REVIEW by Matthew Tett

NWR Issue 101

The Witch Doctor of Umm Suqeim

by Craig Hawes

Dubai: known the world over as a place of business and tourism. In this Emirati state, one can be shopping the malls one minute and watching camel racing the next, surrounded by desert. Craig Hawes’ debut collection of short stories, The Witch Doctor of Umm Suqeim, captures the different facets of this emirate, from the rich expats – likely to be patrons at the Burj al-Arab, the world’s only 7-star hotel – to the immigrant taxi drivers and labourers struggling to make a living for family back home. Both the old and new faces of Dubai are depicted in Hawes’ lively prose, whose realism makes it is no surprise to discover that Hawes has made Dubai his home.

The title story, ‘The Witch Doctor of Umm Suqeim’, the longest in the collection, is in some ways a modern fairy tale. The evocative atmosphere juxtaposes high-rise Dubai with the city’s traditional souks, while the characters of Jaydeep and Melody struggle to start a family. Although the writing is skilful, Hawes’ style at times jars – his ‘hunchbacked psoriasis sufferer’ analogy, for example, being overdone.

While it’s clear that this author prefers the male narrative voice, this doesn’t deter him from branching out. One of the standout stories is ‘Aim High, Olongapo’, told from the perspective of a Filipino maid dealing with the trauma of separation from her family. Unfortunately, a contrasting female voice (‘Suzie Kaminski’) isn’t so successful. One can assume that the protagonist is American but the voice is irritating and unconvincing – ‘playing volleyball… in a bikini, boobs bouncing… like a Baywatch babe’ is a forced alliteration. Would Suzie really be reading the ‘latest Barbara Kingsolver paperback’? I don’t think so. More likely Fifty Shades….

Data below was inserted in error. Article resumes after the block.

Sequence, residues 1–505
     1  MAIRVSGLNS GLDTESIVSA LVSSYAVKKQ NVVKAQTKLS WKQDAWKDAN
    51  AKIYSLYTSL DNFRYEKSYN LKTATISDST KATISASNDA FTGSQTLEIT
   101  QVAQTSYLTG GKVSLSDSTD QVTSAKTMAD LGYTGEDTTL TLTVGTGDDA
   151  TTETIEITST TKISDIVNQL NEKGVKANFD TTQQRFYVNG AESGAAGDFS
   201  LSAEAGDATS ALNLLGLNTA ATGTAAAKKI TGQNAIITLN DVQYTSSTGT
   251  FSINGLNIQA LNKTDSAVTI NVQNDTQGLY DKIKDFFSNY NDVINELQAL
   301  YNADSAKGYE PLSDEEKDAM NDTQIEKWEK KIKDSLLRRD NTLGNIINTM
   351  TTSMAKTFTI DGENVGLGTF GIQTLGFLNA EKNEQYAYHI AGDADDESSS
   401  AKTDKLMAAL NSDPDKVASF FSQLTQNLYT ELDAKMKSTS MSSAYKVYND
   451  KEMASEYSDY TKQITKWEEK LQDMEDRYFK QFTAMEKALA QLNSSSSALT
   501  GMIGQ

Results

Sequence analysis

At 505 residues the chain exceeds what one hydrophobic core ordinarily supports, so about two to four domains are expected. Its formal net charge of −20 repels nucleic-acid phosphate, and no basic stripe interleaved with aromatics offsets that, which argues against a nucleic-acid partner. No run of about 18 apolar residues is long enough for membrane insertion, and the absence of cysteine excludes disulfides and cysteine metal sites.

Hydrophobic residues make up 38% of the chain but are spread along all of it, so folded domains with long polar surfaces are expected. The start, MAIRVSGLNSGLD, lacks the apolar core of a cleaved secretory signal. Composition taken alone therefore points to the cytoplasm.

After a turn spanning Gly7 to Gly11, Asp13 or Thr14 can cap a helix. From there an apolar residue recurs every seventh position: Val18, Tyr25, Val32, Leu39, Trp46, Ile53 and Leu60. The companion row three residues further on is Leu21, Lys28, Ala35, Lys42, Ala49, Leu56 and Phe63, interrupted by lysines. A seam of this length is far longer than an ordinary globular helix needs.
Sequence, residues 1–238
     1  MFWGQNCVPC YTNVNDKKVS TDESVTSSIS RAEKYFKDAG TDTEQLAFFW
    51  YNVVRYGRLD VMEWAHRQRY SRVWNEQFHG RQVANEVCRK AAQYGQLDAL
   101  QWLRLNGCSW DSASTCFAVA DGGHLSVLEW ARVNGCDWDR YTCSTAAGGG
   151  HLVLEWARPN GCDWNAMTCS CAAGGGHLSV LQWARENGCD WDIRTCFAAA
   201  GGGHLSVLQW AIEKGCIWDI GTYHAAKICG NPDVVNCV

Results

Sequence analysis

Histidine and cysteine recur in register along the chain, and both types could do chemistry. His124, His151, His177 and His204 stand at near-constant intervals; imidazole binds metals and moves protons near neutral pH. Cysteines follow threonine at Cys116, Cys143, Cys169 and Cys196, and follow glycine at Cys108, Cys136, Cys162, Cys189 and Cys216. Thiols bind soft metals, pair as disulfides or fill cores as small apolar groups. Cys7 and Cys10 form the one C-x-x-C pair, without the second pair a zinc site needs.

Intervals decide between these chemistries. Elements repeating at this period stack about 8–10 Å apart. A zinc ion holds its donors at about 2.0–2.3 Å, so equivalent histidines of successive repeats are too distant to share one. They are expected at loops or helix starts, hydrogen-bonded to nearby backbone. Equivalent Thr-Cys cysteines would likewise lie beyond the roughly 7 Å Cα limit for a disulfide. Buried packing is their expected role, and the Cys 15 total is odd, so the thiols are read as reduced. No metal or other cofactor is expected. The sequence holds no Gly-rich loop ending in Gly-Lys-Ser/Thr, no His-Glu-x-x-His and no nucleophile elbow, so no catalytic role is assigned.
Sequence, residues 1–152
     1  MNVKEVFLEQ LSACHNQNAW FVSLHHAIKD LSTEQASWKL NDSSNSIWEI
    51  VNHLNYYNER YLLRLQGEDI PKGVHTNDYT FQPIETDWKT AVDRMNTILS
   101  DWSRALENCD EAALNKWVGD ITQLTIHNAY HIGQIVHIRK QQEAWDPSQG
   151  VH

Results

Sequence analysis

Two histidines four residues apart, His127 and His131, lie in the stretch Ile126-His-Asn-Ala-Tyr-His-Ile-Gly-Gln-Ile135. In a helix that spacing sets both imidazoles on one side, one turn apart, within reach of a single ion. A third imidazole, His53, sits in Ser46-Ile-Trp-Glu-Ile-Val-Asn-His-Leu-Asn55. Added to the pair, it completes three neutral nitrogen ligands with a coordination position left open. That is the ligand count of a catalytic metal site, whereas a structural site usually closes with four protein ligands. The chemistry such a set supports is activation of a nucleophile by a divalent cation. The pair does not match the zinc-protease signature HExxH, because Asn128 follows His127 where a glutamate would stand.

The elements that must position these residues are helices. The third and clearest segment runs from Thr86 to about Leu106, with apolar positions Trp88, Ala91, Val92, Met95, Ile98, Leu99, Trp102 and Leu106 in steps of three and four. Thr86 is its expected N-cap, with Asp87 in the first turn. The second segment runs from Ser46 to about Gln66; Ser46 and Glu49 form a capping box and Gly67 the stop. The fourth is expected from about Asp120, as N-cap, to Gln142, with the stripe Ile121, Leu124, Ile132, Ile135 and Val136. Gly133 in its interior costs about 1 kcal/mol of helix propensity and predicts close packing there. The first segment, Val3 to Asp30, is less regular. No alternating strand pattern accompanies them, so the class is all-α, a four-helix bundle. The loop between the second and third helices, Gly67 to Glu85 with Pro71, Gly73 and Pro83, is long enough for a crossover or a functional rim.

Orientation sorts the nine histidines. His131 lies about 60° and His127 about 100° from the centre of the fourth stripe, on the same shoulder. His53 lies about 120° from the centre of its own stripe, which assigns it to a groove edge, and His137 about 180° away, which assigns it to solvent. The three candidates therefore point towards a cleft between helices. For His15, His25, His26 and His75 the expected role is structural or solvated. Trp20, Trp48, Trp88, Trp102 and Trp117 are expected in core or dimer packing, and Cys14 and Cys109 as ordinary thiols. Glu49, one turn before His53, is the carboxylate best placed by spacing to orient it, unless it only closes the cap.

Many of these stories deal with the power of men in a patriarchal society. In ‘The Sound Between’, the narrator recalls the hedonism of Dubai’s lifestyle with its ‘feel-good anthems’ and ‘gilt-edged lives’. The thought-provoking ‘Pictures in the Dust’ is inventive, with a Middle Eastern Banksy-like character (Badlu) surreptitiously doing something he is very good at, whilst hiding his artistic talents from his vile boss. The division between rich and poor is shown in the life-affirming ‘Whorelands’. Aaron and Dieter, a gay couple, are the focus of ‘The Orange Tie’. Hawes reiterates how there are still some places where people can’t live their lives as they please. Homophobia, racism, sexism, are all present in these stories and this city.

The enigmatic nature of ‘Zeina’, in the story of the same name, is intriguing. ‘Abbas Ali Khan’ goes against the grain of what is expected regarding fidelity, while the narrator of ‘The Adidas Amulet’ shows the potential dangers of adhering to society’s expectations of male and female roles.

The Witch Doctor of Umm Suqeim often alludes to the contrast between a character’s origins and present location. The expat community in ‘The Abu Dhabi Brass Rubbing Society’ makes one wonder about Hawes’ own life trajectory from Briton Ferry to Dubai. Loneliness, melancholia and acceptance of one’s lot are key themes in the last two stories. As the narrator in ‘Wind Chimes’ says, ‘I wish Danielle would come to the window right now and look out, but maybe she wouldn’t see me through the thick fog. Does she ever see me anymore?’

Dubai’s apparent exoticism may appeal enough for you to get on a plane. But if you prefer to be an armchair traveller, this is the perfect slim and memorable collection to transport you.

Matthew Tett is an NWR online contributor

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previous review: Clever Girl
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